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Uzbek cuisine: anyone for plov?

Uzbek cuisine: anyone for plov?

Plov is more appetising than it sounds; a Central Asian version of fried rice, it is Uzbekistan’s national dish. There’s a whole lot more to Uzbek cuisine than just plov, but plov is so ubiquitous it could be a post all on its own.

Uzbek plov (Image: Utilisateur:Atilin, Wikimedia Commons)

“Plov” is in fact the Uzbek name for what is known as pulao in India and Pakistan, polo in Iran, and pilaf in Greece. Think rice, vegetables and meat (lamb, goat, chicken, beef or even horse) cooked in a deep dish, slathered in oil (sometimes vegetable oil, often salted butter). It’s a stodgy delight that has kept the Uzbek folk going through their harsh winters and scorching summers for centuries.

My plov recipe, coming soon!

Being less mountainous and more arid than neighbouring Kyrgyzstan, there’s less emphasis on berries and dairy products, and more on grains; bread is a seriously big deal in Uzbekistan. Bread is called “non” (a word related to the Indo-Pakistani “naan“), and it comes in a zillion varieties depending on thickness, ingredients, place of origin and intended meal time.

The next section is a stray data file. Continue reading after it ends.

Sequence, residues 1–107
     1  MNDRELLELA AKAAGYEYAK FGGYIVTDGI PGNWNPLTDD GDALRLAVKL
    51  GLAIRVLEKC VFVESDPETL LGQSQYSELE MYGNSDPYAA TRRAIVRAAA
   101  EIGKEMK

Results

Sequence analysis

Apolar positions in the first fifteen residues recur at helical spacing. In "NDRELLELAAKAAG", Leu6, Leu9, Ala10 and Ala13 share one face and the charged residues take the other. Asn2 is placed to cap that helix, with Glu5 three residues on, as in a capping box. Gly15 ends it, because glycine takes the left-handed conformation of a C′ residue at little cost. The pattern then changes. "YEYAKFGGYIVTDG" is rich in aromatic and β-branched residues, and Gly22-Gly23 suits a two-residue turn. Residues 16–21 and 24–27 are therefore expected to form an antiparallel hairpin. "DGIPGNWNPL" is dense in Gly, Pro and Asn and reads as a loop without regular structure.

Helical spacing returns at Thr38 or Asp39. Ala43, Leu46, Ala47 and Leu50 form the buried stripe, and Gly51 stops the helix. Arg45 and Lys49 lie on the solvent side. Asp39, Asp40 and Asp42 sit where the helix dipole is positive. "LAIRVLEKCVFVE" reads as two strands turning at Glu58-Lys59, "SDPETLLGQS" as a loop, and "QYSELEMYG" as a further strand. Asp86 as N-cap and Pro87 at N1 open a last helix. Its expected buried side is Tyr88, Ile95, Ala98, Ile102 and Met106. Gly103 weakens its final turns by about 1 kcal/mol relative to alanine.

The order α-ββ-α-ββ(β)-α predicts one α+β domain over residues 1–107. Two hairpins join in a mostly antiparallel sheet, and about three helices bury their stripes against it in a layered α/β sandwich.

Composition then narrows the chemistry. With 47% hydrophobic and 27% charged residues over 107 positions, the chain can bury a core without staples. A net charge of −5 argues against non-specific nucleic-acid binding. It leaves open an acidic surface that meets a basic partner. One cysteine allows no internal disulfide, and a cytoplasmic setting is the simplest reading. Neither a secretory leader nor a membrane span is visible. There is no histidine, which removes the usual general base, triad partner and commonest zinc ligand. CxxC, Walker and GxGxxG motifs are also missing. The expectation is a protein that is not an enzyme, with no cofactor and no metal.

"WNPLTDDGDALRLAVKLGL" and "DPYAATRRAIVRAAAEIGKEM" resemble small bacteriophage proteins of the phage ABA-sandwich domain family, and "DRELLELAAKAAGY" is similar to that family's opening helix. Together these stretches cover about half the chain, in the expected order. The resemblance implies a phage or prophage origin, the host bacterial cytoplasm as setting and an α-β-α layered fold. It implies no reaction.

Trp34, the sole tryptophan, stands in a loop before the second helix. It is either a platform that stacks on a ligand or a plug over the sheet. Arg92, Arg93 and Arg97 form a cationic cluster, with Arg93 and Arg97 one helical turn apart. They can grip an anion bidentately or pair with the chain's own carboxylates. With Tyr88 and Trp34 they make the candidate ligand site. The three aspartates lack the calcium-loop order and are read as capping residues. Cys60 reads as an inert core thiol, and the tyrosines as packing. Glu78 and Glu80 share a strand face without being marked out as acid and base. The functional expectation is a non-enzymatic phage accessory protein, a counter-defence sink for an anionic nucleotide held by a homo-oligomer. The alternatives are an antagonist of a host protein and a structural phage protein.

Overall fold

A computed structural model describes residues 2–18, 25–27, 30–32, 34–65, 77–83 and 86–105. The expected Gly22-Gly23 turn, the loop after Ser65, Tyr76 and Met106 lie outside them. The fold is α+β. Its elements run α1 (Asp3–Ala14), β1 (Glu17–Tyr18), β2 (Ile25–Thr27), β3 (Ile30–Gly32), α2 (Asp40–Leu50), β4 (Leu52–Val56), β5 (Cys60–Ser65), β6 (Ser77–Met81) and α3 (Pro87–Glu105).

“Non” baking in a “tanur” (a wood fire oven) in Samarkand (Image: Ji-Elle, Wikimedia Commons)

Uzbek non (Image: Shuhrataxmedov, Wikimedia Commons)

Uzbeks use their bread to eat the various kebab varieties. “Kebab” in Uzbekistan doesn’t mean the slimy things which are served up by roadside trucks, but instead spit-roasted meat served with condiments like yogurt or sumac.

Kebab stall in Bukhara

There’s a lot of fruit in Uzbekistan too, with the emphasis on watermelons, oranges and grapes, reflecting the hotter, Mediterranean-like climate. Super-sweet, these are often served up as dessert along with green tea without milk or sugar. Grapes are sometimes made into wine; although 96% Muslim, alcohol is widely consumed.

Samarkand fruit market

Samarkand fruit market

A few weeks from now I’ll post my recipe for plov, so stay tuned!

If you’re interested in trying some more Central Asian dishes, check out my cookbook Recipes for Ramadan, featuring five recipes from Uzbekistan and nearby, plus 60 more from around the world!

What’s your favourite rice dish? Is it easy to make? Comment below!

Meet Tim Blight


Writer, traveller, amateur photographer, teacher. Based in Melbourne and Lahore.

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  • Agness of Run Agness Run April 6, 2017, 11:02 pm

    All these meals seem mouth-watering! Yummy!

    Reply
    • Tim Blight April 7, 2017, 10:12 am

      Thanks Agness! They’re delicious – stay tuned to my YouTube channel for recipes soon 🙂

      Reply